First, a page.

I live in a state with an abundance of water: rivers, ponds, lakes, ocean. Yet, even here, we talk about drought. As we stood in the garden, Tom pulled out his phone and pulled up an article written by Tiokasin Ghosthorse, a member of the Cheyenne River Lakota Nation and an activist.

“Sit down and read this,” Tom said. “It will only take a few minutes.”

So I sat down on the makeshift benches we made, next to the cucumber vines and the volunteer sunflowers and read.

Mni is a Lakota word for Water and goes beyond any translatable word in the English language. The fragmenting of Mni into simple English nouns would provide a rough translation and lose most of the word’s true meaning and essential idea of “Water as a Being.” So I will attempt to explain Mni in a way that might make some sense in English. . . .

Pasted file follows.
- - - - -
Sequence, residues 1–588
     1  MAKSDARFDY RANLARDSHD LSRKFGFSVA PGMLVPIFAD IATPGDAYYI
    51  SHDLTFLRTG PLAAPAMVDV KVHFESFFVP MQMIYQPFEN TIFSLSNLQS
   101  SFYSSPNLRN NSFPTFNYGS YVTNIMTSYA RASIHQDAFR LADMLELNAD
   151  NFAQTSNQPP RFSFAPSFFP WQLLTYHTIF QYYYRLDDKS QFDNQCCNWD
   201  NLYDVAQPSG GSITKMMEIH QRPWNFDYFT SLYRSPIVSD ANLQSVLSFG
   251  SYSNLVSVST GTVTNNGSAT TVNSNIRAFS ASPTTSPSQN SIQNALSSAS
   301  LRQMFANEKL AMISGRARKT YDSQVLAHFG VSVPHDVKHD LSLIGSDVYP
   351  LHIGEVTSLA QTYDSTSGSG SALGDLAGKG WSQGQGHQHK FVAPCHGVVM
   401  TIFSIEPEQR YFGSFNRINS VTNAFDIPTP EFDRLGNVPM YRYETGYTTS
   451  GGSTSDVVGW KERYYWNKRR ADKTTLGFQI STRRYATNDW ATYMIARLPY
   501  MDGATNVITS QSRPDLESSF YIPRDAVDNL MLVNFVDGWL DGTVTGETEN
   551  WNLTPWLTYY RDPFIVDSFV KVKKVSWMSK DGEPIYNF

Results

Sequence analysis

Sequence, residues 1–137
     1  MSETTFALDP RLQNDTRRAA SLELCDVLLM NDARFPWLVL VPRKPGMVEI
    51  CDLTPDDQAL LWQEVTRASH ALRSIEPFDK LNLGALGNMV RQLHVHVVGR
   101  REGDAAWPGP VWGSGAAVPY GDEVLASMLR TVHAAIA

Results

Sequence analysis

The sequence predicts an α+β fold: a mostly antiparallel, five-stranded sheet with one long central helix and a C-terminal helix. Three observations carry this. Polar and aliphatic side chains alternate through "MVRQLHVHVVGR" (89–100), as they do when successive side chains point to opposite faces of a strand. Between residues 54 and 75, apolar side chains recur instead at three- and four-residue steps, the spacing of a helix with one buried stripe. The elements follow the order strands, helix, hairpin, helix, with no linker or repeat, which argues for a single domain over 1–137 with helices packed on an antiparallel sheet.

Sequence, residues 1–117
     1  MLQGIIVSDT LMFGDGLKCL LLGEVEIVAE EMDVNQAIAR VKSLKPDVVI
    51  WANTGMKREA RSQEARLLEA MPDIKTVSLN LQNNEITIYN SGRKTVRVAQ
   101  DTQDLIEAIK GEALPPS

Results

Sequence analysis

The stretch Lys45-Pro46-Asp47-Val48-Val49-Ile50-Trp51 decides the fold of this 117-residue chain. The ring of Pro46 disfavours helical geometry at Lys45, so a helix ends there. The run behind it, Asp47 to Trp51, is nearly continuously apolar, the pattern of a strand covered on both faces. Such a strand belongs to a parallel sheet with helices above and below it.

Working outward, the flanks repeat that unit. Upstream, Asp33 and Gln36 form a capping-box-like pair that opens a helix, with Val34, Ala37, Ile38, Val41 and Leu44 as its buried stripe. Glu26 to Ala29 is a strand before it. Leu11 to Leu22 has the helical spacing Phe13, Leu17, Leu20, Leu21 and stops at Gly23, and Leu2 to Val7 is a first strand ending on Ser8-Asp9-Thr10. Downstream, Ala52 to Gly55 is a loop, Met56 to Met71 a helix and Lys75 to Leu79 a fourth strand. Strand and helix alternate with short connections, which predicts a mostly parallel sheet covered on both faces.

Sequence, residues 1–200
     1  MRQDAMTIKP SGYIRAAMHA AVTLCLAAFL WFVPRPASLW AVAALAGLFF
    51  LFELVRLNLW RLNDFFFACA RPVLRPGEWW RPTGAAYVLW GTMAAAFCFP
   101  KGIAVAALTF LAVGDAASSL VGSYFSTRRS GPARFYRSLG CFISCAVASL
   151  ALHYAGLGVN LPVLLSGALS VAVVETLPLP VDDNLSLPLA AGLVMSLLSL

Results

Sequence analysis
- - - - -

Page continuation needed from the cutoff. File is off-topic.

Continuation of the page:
Water is the time and space understood by Mother Earth as she holds the womb of all creation within her: oceans, rivers, lakes, ponds, creeks, streams, rains, floods, waves, humidity, wetness, dampness, hurricanes, tornadoes, rainbows, and the teardrops of babies.

“Water as a Being” creates with the sun, moon, stars, winds, earth, fire, and the life of all living beings sentient or that which is thought of as non-sentient. The Lakota have always known the connection of Mni and have encoded the living meanings of things seen and unseen by the delicate and fragile human eye.

I like to say, “Water is a cup of the stars. When you put that cup of Water to your mouth and drink, you are drinking a cup of the stars. You see the glimmering lights and reflections of the sun on the waters of the earth.”

As Tom and I continued our conversation in the garden, he said, “Water is not a resource; it’s a being–like we are human beings.”

I flashed back to my recent exit interview when I said, “I have finally learned that when you say ‘human resources’ you don’t mean resources for humans but humans as raw materials for production.”

The interviewer winced but didn’t correct me.